Updating the Mass Save Incentive Program
The state's Mass Save program offers incentives for Passive House projects. This program is currently undergoing its regular planning cycle by the EEAC for the next iteration. For details on the currently available incentives through this program go here.
The Mass Save incentive program comes from plans developed by the EEAC (MA Energy Efficiency Advisory Council) and approved by the Dept. of Public Utilities. Plans are developed in three-year cycles – with the current incentives being part of the 2019-2021 period and the ongoing planning cycle being for the 2022-2024 period.
PHMass, along with many other groups, have submitted recommendations to the EEAC. Many of these were include in some from in the draft plan. We are now engaged in the commenting process to make sure these initiatives are in the final plan and that they are fully detailed and properly funded.
2022-2024 Planning Process
- Nov, 2020: Start of planning meetings and public comments
- April, 2021: Draft Plan released (see plan here)
- June/July, 2021: Public Comment Period <----We Are Here
- October, 2021: Final draft released
- Nov/Dec, 2021: Review & approval from DPU
- Jan, 2022: New plan takes effect
How to submit a Public Comment
1. Email written comment to: email@example.com
2. Make comment "in-person" over Zoom:
PHMass Draft Plan Comments
Affordable Housing and Low Income Tax Credits
The Department of Housing and Community Development is undergoing a new draft of their Qualified Allocation Plan for awarding Affordable Housing financing for the 2022-2024 period. Currently, in the existing plan, Passive House projects receive 5 extra points in the category of Certified Exemplary Energy Performance. In order to hit the state’s climate goals, it is critical that affordable housing projects funded with MA Low Income Housing Tax Credits are working to achieve a goal of net zero emissions and should not to retrofitted again in 10 or 15 years to meet the goal.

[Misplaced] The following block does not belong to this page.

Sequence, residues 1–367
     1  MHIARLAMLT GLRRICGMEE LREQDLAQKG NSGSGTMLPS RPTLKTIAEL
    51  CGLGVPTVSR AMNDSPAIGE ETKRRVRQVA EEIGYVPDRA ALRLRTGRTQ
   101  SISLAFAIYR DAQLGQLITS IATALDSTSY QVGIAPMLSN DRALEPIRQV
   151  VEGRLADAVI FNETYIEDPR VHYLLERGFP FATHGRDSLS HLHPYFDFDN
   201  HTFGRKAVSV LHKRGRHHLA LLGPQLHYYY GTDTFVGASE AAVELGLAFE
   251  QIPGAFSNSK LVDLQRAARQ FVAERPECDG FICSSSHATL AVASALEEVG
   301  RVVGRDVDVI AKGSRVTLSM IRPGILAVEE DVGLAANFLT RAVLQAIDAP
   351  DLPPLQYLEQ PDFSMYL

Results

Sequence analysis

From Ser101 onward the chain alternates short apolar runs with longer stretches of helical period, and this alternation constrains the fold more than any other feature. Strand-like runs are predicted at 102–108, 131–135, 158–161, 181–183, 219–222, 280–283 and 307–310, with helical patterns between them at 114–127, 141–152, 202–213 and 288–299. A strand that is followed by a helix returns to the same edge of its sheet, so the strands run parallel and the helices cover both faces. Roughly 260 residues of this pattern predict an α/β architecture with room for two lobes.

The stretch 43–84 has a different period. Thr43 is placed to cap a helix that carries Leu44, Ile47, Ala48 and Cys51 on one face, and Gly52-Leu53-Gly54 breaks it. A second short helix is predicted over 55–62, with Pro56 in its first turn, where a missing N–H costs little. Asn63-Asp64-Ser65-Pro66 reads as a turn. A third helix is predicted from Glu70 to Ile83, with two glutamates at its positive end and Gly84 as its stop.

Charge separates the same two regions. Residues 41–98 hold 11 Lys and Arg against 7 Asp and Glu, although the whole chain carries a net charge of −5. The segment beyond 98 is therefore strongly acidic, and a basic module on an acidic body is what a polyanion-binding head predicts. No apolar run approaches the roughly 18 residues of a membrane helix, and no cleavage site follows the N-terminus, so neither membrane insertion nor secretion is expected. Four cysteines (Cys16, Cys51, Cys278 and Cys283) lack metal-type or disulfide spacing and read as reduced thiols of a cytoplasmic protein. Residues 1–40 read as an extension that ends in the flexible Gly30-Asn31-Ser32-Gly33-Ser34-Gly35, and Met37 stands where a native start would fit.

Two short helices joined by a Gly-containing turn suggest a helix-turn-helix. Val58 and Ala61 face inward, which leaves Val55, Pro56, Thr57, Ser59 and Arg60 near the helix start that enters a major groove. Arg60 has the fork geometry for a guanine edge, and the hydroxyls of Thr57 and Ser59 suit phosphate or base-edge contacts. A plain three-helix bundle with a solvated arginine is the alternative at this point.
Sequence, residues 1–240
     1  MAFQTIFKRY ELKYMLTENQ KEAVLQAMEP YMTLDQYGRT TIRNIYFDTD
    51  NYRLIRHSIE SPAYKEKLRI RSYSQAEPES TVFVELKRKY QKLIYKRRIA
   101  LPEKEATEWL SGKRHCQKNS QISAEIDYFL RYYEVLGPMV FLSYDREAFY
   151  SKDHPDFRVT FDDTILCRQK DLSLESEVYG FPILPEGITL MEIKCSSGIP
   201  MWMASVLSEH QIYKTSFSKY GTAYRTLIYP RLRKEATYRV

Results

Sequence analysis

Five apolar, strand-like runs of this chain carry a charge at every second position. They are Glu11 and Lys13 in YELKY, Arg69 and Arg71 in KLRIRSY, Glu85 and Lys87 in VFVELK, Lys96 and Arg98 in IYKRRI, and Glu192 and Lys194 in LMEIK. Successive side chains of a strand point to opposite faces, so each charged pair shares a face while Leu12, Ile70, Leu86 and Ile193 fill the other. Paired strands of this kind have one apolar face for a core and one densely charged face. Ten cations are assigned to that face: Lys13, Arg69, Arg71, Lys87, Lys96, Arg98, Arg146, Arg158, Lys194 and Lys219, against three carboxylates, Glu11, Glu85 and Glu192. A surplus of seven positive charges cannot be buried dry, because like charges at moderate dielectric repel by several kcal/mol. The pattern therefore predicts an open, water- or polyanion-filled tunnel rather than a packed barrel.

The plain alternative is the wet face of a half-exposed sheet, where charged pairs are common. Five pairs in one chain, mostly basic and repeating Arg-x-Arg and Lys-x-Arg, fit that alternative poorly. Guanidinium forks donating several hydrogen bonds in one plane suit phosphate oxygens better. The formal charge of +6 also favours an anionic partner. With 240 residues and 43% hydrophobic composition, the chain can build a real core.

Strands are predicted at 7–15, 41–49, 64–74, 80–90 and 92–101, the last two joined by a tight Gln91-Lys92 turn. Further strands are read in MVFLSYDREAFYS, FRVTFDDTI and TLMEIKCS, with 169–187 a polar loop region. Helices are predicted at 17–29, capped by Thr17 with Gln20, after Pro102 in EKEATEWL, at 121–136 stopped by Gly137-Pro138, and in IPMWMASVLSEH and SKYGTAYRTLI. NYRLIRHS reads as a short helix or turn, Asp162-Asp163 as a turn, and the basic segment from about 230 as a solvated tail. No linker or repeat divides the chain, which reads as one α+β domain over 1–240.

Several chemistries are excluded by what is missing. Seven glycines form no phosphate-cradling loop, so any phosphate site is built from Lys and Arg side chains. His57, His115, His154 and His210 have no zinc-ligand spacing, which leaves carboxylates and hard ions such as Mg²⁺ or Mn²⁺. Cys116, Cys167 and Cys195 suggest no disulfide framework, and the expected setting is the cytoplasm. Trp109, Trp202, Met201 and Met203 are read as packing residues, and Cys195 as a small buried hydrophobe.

Environmentally Friendly Design (20 points) of 182 points
Many things listed as potential points should be pre-requisites such as:
5 years of energy and water performance reporting (not just for PH projects)
Implementation of smoke-free housing policies
Use of applicable efficiency program such as LEAN Low Income Multifamily or MassSave
Enterprise Green Community Mandatory checklist- and letter from consultant that would be able to achieve certification
There should be two different tracts for scoring: one for new construction buildings, one for rehabs of existing buildings/adaptive reuse
New construction buildings should not get extra certification points unless at least achieve LEED Gold. New construction that commits to Passive House certification should get at least 5 points more than LEED Gold commitment because usually achieve 40% or better Energy Use Intensity than LEED
Rehab/Adaptive reuse should only get points if have aggressive energy scope. Consider 30% reduction in Energy Use Intensity, 40% reduction in Energy Use Intensity and EnerPHit levels of scoring
There should be rewards in scoring if propose electrification of heating with efficient heat pumps. This is relatively harder for retrofits so retrofits should get more points if electrify
There should be a scoring reward for new construction that dramatically decreases embodied carbon of building materials, such as mass timber structural design or 40% replacement of cement in concrete with low embodied carbon ECMs
Virtual Public Hearing was Thursday, May 13 at 11:00 a.m.
Written comments by May 20th. Submit by e-mail to firstname.lastname@example.org or email@example.com